Even her desire to pump her breast milk and have her baby use a pacifier has been adamantly criticized by her in-laws.

“I was told that I have to carry my baby in my arms daily to let the baby feel my warmth. If I don’t, my husband immediately calls my in-laws,” Thu said.

She recalled that prior to getting married, her husband was respectful of her decisions and the two of them frequently sat down to solve problems together. However, after their wedding, he began to constantly call his mother to complain about his life or to ask for money.

“He will even call for his parents’ help when a device is broken in our home or if our baby gets sick, all the things we could do by ourselves,” Thu sighed.

There have been many times when Thu contemplated separating from her husband and moving back in with her parents to live more peacefully with her child.

Marriage and family specialist Le Thi Minh Hoa said that a husband’s immaturity is most often visible in their belief that raising children and taking care of the household are solely their wife’s responsibilities.

She advised wives to make clear from the beginning that chores are to be shared.

“Women should have their husbands do some of the chores on their own. Even though they may not be good at doing it, this will prevent them from always relying on their wives,” Hoa said.

Psychologist Tran Huong Thao added that every conflict will have a consequence if not resolved completely. If the wife is constantly conceding to her husband and adhering to his wishes, the marriage will gradually become tiresome.

Thao pointed out that if this kind of situation drags on, it could become a reason for the husband or wife to cheat, which could lead to the total collapse of a marriage.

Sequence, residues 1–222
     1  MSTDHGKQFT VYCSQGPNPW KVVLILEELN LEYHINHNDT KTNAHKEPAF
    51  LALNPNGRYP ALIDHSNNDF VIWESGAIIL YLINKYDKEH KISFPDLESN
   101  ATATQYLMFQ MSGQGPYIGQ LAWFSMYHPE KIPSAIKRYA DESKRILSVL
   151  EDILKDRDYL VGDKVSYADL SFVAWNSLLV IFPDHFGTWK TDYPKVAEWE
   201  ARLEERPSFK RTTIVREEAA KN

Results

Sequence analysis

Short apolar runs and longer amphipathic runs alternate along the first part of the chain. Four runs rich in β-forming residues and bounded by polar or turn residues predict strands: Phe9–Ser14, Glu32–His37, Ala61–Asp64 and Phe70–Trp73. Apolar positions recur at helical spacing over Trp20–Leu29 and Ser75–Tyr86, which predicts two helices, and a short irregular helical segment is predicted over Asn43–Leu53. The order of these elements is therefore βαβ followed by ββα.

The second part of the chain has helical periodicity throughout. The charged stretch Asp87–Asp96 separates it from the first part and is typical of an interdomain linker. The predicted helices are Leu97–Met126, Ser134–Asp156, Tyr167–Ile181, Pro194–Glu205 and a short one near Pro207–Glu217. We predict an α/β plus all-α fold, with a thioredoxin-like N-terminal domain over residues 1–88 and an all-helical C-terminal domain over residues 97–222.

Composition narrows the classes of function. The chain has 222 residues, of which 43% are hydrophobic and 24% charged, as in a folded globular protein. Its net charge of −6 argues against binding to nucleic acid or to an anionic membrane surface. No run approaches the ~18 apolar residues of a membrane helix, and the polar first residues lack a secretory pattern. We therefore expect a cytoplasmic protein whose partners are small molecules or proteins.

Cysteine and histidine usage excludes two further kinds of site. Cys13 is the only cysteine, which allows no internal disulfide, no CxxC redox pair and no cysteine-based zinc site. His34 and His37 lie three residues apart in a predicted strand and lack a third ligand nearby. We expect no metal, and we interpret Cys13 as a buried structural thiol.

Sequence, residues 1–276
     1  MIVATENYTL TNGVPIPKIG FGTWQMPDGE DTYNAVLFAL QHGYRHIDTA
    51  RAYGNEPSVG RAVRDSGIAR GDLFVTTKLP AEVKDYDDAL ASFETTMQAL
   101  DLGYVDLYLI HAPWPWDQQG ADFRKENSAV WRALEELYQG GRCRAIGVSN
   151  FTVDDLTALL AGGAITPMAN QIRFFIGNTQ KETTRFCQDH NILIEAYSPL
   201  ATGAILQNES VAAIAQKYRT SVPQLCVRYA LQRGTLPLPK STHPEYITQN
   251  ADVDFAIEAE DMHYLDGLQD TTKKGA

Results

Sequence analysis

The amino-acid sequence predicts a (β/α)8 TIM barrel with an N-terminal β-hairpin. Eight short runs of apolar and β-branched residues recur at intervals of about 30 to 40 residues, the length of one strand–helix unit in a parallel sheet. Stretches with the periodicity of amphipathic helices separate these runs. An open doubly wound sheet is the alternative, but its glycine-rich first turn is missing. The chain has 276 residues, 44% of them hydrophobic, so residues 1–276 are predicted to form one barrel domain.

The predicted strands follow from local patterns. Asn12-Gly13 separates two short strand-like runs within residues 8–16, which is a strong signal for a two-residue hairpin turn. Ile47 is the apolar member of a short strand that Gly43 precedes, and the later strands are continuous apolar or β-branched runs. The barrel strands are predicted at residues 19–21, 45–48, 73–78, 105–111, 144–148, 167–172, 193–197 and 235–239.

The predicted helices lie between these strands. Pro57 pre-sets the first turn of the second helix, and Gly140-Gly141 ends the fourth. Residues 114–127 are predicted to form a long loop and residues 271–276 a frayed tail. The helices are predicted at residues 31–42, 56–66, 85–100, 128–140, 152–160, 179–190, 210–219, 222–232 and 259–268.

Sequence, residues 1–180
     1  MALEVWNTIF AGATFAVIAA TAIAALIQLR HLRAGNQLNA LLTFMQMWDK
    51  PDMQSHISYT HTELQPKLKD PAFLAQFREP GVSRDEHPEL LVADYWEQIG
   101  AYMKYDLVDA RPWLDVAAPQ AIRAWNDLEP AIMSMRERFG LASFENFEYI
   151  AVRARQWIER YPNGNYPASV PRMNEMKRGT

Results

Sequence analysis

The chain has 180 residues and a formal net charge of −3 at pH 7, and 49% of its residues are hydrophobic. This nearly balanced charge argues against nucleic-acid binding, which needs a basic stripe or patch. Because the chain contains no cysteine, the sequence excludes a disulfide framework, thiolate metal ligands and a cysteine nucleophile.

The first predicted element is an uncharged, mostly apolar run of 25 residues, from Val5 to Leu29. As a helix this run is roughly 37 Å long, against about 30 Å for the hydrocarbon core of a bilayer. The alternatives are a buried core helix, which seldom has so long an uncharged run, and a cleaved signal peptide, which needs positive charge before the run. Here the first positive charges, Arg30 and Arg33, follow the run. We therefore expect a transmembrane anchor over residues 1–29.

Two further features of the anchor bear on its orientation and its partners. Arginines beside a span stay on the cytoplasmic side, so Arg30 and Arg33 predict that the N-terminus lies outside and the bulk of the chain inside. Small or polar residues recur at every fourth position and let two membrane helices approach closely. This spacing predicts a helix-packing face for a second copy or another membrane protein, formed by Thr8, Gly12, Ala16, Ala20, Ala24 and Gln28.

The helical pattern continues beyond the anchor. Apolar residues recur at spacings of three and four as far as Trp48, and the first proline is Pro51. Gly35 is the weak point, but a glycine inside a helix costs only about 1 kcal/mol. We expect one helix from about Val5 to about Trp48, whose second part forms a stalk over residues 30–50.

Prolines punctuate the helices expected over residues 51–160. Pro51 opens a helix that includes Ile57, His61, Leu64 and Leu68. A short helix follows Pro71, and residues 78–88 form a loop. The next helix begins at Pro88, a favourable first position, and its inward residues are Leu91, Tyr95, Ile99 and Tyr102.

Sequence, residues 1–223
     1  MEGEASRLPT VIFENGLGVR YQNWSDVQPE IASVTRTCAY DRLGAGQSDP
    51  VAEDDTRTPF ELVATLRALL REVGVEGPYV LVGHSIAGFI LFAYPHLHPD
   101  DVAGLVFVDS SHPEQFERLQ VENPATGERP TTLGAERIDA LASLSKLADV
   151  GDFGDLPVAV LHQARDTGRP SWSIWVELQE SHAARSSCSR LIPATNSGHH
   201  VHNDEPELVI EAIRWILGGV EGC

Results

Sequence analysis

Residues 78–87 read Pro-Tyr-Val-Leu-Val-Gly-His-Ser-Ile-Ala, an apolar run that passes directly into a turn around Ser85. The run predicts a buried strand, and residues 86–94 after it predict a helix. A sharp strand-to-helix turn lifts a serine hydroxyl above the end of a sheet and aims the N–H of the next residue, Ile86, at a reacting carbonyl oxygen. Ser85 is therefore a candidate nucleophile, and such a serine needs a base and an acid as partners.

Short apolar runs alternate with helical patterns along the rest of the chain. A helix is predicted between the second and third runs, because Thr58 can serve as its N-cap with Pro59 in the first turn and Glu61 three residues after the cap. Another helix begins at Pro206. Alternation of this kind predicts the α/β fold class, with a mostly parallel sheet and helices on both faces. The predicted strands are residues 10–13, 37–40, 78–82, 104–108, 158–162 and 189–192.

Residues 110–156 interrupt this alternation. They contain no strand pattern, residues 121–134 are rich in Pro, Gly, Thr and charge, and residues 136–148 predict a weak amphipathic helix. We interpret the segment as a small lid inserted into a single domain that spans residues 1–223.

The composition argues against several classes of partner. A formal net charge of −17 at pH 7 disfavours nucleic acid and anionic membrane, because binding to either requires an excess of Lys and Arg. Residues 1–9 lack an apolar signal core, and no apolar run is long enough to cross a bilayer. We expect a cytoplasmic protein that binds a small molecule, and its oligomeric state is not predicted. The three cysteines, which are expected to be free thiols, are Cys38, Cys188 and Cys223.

“A simple hug and thank you from the husband can often make the wife happy. However, the reality is that the wife is more than likely the one to console the husband,” Thao said.

According to Nguyen Viet Chung, a professor at Hanoi University of Medicine and Pharmacy, frequent and prolonged conflicts about an unresolved issue can affect the mental health of those involved.

When the wife feels overwhelmed by housework and lacks support from her husband, or feels that he does not care about her anymore, it could lead her to mental stress, loss of sleep, anxiety and depression.

He also added that husbands are often immature because they are not mentally ready to become a husband or father, or their love for their wife has waned.

“Aside from making an effort to sustain the relationship and listening to each other, newlywed couples or couples planning to get married should learn about what marriage really is and how to take care of children. They should also learn how to manage and overcome stress,” Chung shared.

After marrying her husband five years ago and having two children with him, To Uyen, a 30-year-old Saigonese residing in Binh Thanh District, described her 35-year-old husband as careless. There have been times when he was so focused on playing soccer or drinking with his friends that he forgot to pick up his kid from cram school.

Instead of berating him, Uyen created a schedule outlining all of the week’s plans and clearly dividing the chores between the two partners.

“Even though my husband’s forgetful, he’ll still do things if I remind him to. He also doesn’t argue with me and occasionally buys gifts to motivate me. I see him as a clueless child sometimes, but I think it’s kind of cute,” Uyen concluded.